Schmor: A Game for the Ages and a Shot for All Time

Posted on April 4, 2021

  By Mark Schmor, SportsPac12

As I tried to collect my thoughts after Gonzaga’s thrilling overtime win over UCLA, my head was spinning and my heart was racing. I can’t imagine what those who participated in the game must have been feeling at that moment.

Let’s start with this: Nobody was giving UCLA a chance.

After Baylor’s dismantling of Houston in the first semifinal game, CBS commentators Charles Barkley, Kenny Smith, and Clark Kellogg talked of the potential Gonzaga-Baylor championship as if it was a virtual certainty.

Not only was nobody giving UCLA much of a chance, but normally unbiased commentators were openly sharing their preference for Gonzaga. Seth Davis joked with Candace Parker about the possibility of picking the Bruins in an upset before Parker admitted that she was rooting for a Gonzaga-Baylor matchup.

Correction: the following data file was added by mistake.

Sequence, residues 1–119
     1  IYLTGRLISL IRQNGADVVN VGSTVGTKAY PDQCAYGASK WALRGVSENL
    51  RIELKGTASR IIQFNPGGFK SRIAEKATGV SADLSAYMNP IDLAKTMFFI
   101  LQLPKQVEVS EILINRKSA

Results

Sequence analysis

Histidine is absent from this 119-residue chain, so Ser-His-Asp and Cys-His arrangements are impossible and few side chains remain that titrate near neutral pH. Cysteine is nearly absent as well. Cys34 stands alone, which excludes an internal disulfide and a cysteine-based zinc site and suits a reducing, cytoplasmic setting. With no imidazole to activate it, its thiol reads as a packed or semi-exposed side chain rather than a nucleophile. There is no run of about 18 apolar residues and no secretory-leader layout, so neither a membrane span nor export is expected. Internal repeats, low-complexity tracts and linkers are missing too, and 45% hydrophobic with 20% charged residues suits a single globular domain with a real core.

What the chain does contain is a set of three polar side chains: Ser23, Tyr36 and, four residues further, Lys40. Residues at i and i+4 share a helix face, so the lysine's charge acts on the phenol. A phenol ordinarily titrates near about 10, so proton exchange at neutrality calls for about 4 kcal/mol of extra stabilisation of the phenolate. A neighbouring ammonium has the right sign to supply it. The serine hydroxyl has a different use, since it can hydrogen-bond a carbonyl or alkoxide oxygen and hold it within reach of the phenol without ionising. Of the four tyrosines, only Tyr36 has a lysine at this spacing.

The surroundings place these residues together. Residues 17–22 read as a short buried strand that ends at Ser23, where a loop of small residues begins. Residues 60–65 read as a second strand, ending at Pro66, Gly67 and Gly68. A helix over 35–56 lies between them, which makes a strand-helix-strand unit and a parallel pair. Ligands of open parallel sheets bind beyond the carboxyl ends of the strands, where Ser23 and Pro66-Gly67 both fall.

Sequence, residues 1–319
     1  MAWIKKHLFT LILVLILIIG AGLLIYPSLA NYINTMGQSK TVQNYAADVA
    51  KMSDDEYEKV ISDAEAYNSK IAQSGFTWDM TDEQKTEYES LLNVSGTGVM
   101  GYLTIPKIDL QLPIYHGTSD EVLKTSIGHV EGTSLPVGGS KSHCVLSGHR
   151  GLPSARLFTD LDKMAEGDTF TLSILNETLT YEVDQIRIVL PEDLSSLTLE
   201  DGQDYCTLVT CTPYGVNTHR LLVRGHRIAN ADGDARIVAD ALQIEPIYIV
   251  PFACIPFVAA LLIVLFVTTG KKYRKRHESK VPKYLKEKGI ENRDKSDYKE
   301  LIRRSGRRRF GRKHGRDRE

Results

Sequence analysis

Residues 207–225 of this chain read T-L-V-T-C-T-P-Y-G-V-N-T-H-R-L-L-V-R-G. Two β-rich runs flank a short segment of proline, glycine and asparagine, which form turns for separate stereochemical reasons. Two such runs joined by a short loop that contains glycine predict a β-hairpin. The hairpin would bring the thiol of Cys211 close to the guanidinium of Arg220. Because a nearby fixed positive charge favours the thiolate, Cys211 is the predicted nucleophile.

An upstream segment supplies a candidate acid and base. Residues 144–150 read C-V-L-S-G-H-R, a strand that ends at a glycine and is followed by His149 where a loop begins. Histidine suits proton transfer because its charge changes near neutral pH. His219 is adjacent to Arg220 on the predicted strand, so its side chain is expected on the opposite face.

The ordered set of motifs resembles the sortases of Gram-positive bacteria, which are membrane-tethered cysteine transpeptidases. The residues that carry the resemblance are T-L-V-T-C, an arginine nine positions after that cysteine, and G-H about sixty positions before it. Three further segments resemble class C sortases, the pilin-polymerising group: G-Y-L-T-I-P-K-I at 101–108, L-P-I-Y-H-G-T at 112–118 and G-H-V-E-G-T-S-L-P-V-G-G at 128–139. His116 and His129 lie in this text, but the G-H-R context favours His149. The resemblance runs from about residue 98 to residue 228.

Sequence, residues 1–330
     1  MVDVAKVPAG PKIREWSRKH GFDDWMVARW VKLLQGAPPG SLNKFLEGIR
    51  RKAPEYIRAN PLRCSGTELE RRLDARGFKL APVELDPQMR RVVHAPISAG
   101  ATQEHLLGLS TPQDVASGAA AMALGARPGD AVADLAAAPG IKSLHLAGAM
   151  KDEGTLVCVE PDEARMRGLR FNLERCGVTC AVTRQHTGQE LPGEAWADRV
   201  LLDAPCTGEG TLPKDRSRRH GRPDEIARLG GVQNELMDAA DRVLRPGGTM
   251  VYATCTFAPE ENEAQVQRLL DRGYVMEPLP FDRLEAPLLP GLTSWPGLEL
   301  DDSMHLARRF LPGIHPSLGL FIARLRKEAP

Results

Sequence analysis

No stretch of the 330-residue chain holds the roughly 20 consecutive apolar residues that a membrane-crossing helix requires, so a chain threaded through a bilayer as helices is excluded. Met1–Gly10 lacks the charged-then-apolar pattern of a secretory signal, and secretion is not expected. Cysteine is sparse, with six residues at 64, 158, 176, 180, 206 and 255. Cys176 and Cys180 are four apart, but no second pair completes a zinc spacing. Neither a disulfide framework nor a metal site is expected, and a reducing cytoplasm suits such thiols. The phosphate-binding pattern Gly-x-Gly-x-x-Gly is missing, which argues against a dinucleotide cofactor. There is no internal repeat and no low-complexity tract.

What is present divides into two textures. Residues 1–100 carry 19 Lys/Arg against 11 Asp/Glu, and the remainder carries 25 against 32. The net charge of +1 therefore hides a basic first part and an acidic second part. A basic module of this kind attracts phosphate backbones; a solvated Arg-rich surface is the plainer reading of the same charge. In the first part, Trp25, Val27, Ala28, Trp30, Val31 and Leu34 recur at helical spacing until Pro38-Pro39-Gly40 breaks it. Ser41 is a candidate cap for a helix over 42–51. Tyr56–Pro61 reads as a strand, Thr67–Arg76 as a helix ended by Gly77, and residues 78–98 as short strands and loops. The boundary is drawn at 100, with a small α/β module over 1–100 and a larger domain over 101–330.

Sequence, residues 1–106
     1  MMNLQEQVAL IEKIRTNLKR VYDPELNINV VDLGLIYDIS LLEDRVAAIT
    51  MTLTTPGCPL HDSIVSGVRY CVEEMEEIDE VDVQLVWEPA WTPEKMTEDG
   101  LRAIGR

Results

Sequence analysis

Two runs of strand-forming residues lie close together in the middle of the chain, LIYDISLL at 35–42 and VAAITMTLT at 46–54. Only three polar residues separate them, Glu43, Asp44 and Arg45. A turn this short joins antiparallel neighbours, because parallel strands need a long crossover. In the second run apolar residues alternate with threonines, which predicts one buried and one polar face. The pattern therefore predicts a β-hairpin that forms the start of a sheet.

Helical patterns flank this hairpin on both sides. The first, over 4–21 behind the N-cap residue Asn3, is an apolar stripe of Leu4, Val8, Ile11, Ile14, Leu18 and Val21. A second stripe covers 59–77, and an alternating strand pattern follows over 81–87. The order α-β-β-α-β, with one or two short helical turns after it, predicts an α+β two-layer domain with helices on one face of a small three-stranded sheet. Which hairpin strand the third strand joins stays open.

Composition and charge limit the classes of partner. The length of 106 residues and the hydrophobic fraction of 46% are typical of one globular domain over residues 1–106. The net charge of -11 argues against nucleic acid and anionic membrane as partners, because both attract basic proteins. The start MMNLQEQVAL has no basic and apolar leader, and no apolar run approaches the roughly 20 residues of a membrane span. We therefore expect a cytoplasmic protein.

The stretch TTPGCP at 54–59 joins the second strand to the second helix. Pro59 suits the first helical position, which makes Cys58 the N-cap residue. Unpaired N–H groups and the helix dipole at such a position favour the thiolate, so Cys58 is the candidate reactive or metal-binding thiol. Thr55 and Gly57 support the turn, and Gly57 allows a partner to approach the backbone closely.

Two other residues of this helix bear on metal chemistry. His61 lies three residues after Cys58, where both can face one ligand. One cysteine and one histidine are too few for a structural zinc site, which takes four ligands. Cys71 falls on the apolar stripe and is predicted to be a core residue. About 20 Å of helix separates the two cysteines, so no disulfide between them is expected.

Gonzaga’s semifinal contest with UCLA was a mere formality. We’d already seen Gonzaga dispose of a superior Pac-12 team from Los Angeles. Surely the same fate awaited UCLA.

The problem with this line of thinking is that it wasn’t shared by the Bruins.

Maybe the Bruins took some extra encouragement from seeing a couple of Pac-12 schools take care of business in the Women’s Final Four the night before, including Arizona pulling out a win over heavily favored UConn in a game the experts gave them no chance to win.